Should we celebrate the arrest of Postcard News owner?

On February 12, 2016, Kanhaiya Kumar was arrested by Delhi Police for raising anti-India slogans. Several sections of the Indian Penal Code were hurriedly quoted in defense of the police action. Hours later social media went ablaze with heated discussions about the nature of freedom of speech. Evelyn Beatrice Hall’s words that one may disapprove of what another says, but one will defend to death another’s right to say it, were launched as if they were weapons of an atomic age. Ironically these words were often misattributed to the French political thinker Voltaire. Social media and office canteens were divided into camps comprising of those supporting the police action and those defending freedom of speech. Those defending the police action were often rightists or nationalists or both, and they believed in the pious fraud that sometimes freedom of expression must be compromised in favor of the greater good. Those in support of Kanhaiya Kumar were often liberals or held political ideas that were left of center. Many of them were passionate in their appeal that the only limits applicable to freedom of speech are that they should remain within the confines of the lexicographical definition of freedom of expression and should not transcend into the domain of physical action.

On March 29, 2018, Mahesh Hegde, the founder of the alt-right online news site Postcard News was arrested by the Karnataka police and several sections of the Indian Penal Code were cited to justify the police action. Within a matter of hours many users of social media posted in joy and glee that action was taken against a much-despised site that often peddled fake news and radical opinions that were invariably pro-government, pro-Hindutva, often Islamophobic and xenophobic. This time, the tables had turned. People supporting the arrest were chiefly liberals who held ideologies that were center or left o center. The opposite camp did not languish for long and rose to the occasion to meet the challenge head on. Soon every available platform witnessed increased decibels and heightened levels of adrenaline. From twitter to Facebook, from office canteens to Fox News styled panel discussions on television, there was little one could do to avoid being bombarded with accusations and counter-accusations.

On October 31, 1984, a crowd gathered outside Neelam Cinema in Chandigarh. In the crowd were Balwant Singh and Bhupinder Singh; both were employed by the state government of Punjab. As time went by, the crowd became increasingly excited. The exhilaration of the crowd was felt by Balwant and Bhupinder who soon took to sloganeering. Among the slogans they shouted were.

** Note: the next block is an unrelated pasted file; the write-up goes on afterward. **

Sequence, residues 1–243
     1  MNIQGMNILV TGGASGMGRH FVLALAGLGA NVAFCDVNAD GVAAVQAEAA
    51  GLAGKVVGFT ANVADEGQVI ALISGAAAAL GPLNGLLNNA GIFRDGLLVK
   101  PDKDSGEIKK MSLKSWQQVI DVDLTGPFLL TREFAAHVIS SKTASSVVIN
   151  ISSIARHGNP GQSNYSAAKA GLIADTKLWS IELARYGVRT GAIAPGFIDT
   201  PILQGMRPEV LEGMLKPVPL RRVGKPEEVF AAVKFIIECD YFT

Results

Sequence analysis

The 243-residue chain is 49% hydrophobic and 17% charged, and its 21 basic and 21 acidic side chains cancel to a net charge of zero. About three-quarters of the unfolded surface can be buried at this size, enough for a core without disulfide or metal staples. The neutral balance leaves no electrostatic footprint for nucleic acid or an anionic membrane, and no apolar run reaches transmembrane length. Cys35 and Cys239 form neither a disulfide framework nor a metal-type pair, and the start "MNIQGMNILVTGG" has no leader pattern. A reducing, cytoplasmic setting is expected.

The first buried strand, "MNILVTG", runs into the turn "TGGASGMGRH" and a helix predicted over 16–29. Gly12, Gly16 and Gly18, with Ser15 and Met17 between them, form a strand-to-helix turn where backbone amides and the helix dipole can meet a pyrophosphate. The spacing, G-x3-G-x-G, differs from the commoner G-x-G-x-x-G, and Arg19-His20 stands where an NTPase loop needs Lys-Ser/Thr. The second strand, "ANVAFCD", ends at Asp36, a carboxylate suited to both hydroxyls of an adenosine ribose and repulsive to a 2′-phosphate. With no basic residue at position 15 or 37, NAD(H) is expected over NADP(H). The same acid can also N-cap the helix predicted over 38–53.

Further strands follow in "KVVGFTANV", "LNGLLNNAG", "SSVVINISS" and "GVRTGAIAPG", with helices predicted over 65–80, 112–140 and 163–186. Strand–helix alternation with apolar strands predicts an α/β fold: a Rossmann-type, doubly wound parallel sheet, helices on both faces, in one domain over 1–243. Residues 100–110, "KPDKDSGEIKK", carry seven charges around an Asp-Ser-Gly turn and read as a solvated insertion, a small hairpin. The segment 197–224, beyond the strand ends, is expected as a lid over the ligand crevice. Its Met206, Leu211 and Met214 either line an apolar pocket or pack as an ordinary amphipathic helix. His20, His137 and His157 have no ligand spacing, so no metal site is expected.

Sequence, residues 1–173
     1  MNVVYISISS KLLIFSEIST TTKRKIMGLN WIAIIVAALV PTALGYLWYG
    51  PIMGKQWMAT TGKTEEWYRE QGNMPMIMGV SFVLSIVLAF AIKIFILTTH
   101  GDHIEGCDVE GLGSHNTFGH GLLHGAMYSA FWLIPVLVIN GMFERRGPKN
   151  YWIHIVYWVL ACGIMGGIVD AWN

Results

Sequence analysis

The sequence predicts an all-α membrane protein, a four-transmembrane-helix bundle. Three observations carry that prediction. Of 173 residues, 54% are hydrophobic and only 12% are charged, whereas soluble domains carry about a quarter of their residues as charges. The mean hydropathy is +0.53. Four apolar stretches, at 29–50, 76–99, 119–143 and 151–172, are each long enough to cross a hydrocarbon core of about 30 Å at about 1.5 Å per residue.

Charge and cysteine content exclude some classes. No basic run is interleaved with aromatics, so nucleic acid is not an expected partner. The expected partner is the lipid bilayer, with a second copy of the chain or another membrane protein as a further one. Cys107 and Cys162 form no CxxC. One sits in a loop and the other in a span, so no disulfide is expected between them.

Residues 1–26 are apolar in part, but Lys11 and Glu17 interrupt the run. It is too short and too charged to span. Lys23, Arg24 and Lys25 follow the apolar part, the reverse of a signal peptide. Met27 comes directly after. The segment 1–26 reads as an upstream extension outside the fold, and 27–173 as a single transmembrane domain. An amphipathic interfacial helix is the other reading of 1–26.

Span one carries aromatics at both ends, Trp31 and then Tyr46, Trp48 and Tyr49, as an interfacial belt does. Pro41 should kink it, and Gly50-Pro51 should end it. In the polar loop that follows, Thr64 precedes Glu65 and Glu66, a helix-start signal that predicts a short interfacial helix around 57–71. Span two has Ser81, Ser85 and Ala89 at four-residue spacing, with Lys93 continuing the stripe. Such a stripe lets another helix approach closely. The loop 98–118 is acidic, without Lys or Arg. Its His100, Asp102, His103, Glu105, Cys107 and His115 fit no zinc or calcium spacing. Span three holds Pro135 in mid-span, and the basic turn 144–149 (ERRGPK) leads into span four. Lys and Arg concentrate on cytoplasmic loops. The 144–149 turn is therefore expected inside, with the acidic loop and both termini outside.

1. Khalistan Zindabad
  2. Raj karega Khalsa
  3. Hindu nun Punjab chon kadke chadenge, hun mauka aaya raj kayam karan da

Roughly translated, it means “Long live Khalistan. The Khalsa will rule. We will make the Hindus leave Punjab, the time to rule has come”.

The same day, a little before six in the evening Balwant and Bhupinder were arrested and several sections of the Indian Penal Code were cited. Balwant and Bhupinder were produced in a court, and a legal battle commenced that ended in a historical judgement eleven years later.

The Indian penal code is the collection of laws that forms the backbone of the criminal justice system of the country. This code was drafted in 1860 on the recommendations of the First Law Commission of 1834 headed by Macaulay, and was enforced in 1862. When India and Pakistan became independent, they inherited the same code of law. Since independence, this code has been revisited in parts, but the bulk of the code remains as it was first penned in 1860. The 1860 code, itself drew heavily on inspirations from even older and more archaic codes of law, like the Louisiana Civil Code of 1825 and the Napoleonic Code. It is needless to say that a hundred and sixty-year-old code of law is not apt for deciding matters in the modern world where our idea of prudent and imprudent behaviour is often fundamentally at loggerheads with the idea of prudent and imprudent behaviour prevalent a hundred and fifty years ago.

Macaulay himself was very much the imperialist and held very disparaging views about oriental societies and oriental culture, and was convinced of white supremacy. Much in the Georgian tradition of the day, Macaulay divided the world into two groups of civilized and barbarians, with the British at the apex of civilization. With such ideas, it is hard to imagine that laws would afford those accused all the rights we today take for granted to be universally applicable to all human beings.

The phraseology of the Indian penal code is often very vague and such vagueness introduces subjectivity into the code. It is often the case that some laws can be used to make criminals of all and sundry if need be while letting others walk Scott free on the whim of an interpretation. Much of the sections of the IPC quoted in support of the arrests spoken about the earlier lie in the same category of vagueness and openness to interpretation. It is the view of the author that such openness to interpretation served the colonial occupiers in good stead. It would have allowed judges to treat Europeans and Indians differently within the confines of the same code. It would also have enabled the authorities to incarcerate anyone they felt could be a challenge to their authority. For a handful of colonizers from a small island nation, to maintain an iron grip over a large and populous country, such arbitrary powers would have been necessary while still maintaining the façade that everyone is equal in a court of law.